Introduction to Keith Haring

Introduction to Keith Haring

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This interactive lesson helps inspire those students who seek to understand their world through music, dance, fashion and popular culture. A totally hip and fun project with extensive teacher notes to follow.


Familiarity with Keith Haring's artwork and how it pertains to the culture of his time, influences, charities, music and dance.

Vocabulary: Expression, line, repetition, rhythm, complementary color, analogous color...

Visual literacy skills: ability to observe, describe, and interpret works of art.

Analytical Skills: Experience in contemplating various (and sometimes conflicting) data and weighing perception, facts, and opinions in order to make informed judgments.

Deductive Reasoning: Practice at gathering clues, building evidence, and framing formed conclusions.

Creative Expression: Practice at expressing ones objective response to artworks involving reasoning yet open ended.

Individual and Group Communication Skills: Practice at articulating ones ideas and opinions while also learning to listen and respond to others.

Students will realize that varying opinions about art can be discussed and debated.


Haring web sites
Haring Exhibition catalogs
"Crack is Wack" mural (FDR Drive and 12th St, Manhattan)- more mural locations
poster- "Dance"
Subway drawings
Stack of people doing the Egyptian with painting and sculpture.


CD player
Slips of paper for collage poem
Brown bag


I will create a club-like environment that Keith was a part of with music that he listened to. Dress up in clothes of that decade. Get break-dancer from the SVA break-dancing club to perform for the students. Break dancers could talk about break dancing, what got them into it, and the history of break dancing. Have the break dancers teach the kids a few moves.


1. What's going on in this picture?
2. What makes you say that?
3. Why do you think someone would make a painting out of lines?
4. What type of music do you think the painting is representing?
5. What sounds do you hear when looking at the painting?

Setting up before class: (30 mins)
1. Dress up in Eighties clothing.
2. Decorate the room to create an Eighties environment.
3. Set up the CD player and turn on to play songs from the CD.
4. Make sure the room is arranged so that there is enough space for break dancers to perform.
5. Arrange news clippings or magazine covers from the eighties.

Class time: (1 hour 30 mins)
1. Welcome the class to the Eighties. Introduce yourself as a person from the Eighties. Ask the class what is something unusual that they notice. Talk a little about the clothing and music. Tell students that another thing that was really big in the Eighties was Keith Haring. Lead discussion into break dancing.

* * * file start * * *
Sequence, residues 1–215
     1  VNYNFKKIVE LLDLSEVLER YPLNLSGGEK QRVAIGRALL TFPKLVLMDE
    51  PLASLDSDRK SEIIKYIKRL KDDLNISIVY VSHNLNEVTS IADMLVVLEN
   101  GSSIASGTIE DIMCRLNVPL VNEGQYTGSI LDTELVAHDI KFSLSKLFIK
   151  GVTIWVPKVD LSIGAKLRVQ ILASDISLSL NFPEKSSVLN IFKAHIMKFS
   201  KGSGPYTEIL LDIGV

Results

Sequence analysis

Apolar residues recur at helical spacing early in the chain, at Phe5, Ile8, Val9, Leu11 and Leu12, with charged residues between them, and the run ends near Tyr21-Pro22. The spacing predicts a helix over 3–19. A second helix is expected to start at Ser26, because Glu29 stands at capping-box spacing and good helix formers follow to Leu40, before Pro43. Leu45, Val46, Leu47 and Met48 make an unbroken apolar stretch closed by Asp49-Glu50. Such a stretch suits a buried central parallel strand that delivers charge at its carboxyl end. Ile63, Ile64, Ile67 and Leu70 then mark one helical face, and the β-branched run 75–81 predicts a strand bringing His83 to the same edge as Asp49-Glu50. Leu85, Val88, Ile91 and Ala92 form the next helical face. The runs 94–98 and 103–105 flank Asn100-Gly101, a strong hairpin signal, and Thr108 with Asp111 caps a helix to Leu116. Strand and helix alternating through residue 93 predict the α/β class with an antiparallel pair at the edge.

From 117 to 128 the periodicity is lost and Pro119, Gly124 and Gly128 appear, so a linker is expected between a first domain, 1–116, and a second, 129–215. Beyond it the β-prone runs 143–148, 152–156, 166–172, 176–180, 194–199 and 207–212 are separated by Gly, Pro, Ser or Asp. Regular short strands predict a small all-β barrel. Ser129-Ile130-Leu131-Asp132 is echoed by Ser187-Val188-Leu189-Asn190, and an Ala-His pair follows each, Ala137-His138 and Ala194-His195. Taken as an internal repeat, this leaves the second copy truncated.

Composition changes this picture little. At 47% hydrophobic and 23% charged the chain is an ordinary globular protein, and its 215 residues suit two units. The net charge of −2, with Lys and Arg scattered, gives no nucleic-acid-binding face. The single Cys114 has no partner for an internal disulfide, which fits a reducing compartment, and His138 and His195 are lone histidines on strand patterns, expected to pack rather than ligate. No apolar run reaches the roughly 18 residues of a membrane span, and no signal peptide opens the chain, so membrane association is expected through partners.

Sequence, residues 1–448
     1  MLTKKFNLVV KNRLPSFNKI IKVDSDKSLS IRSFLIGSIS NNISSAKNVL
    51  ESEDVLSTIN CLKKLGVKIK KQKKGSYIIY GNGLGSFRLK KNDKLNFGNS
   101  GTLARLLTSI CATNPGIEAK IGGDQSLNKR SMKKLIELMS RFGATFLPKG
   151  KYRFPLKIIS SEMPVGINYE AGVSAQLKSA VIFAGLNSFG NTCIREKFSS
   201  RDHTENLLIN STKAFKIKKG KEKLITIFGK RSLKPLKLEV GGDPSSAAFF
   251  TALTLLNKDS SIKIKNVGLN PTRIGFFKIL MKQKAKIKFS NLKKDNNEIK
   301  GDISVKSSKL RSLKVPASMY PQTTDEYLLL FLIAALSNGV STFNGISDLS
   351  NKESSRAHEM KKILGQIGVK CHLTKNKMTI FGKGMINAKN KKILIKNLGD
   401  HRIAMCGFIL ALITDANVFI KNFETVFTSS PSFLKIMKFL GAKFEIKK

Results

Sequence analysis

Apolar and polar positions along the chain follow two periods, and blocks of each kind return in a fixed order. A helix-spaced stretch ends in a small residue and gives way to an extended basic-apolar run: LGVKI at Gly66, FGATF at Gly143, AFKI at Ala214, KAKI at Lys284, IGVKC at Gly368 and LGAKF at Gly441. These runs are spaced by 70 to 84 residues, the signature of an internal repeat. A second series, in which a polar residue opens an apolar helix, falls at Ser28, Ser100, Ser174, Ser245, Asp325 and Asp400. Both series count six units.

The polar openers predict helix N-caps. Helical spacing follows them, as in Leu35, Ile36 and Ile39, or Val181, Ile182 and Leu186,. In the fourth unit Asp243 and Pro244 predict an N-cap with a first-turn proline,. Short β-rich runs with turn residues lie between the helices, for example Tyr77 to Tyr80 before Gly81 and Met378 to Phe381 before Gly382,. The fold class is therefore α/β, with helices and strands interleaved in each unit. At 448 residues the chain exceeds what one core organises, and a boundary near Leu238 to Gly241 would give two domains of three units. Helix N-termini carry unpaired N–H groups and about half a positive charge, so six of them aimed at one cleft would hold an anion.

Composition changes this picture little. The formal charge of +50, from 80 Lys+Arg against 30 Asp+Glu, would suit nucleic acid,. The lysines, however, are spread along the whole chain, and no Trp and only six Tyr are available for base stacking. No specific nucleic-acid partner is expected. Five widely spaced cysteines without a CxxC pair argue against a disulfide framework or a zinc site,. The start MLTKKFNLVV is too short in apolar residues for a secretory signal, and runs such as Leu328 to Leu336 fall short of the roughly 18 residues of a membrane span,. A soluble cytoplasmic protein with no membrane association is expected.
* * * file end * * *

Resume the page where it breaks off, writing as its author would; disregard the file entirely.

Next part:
2. Introduce break dancers. Break dancers will perform. Afterwards they'll talk about the history of break dancing. They can also talk about how they got started in it.
3. Break dancers will teach the students a few simple break dancing moves.
4. Show the artwork by Keith Haring that is influenced by break dancing to students. Engage in a discussion about the artwork.
6. Wrap up discussion about the Eighties.

Class time (1 hour)
(20 mins) Activity: Collage poem
1. Split class up into groups. Each group will have an image to look at. Each person will write one word on a slip of paper and drop it into a brown bag.
2. Collect bag from the groups. Bags will be redistributed later.

(30 mins) Discussion
3. Asking open-ened style questions, while looking at slides, engage students in a discussion. Purpose of discussion is to talk about Keith's artwork and how it pertains to the culture of his time, influences, charities, music and dance. (There will be more in depth discussion of these topics as the corresponding project is introduced)

(20 mins) Activity: Collage poem
4. After the discussion, students will assemble back together into groups and using the words in the bags, make a poem or a label describing the painting.


Students will discuss the poem or label that they created for the artwork.


1. Creating, Performing and participating in the arts. Students will create a poem or gallery label for a piece of artwork.
3. Responding and Analyzing Works of Art. Students will actively engage in a class discussion by observing, describing and interpreting artworks by Keith Haring.

The author of this lesson, Wan Ling Li, a student of the School of Visual Arts in NYC, is the 2002-2003 scholarship recipient of the Keith Haring Scholarship award. This project was a collaboration with The School of Visual Arts & The Liberty Partnership Program* in New York City.

To find out more about The Keith Haring Foundation Scholarship offered through the School of Visual Arts, please contact:
Director, School of Visual Arts/Visual Arts Foundation, 15 Gramercy Park South, NYC 10003.

*The Liberty Partnership Program (LPP) is for students enrolled in 5th through 12th grades. LPP targets students who have been identified as being at-risk for dropping out of school because of poor academic performance, truancy, discipline, family circumstances, negative peer pressure and other documented factors.

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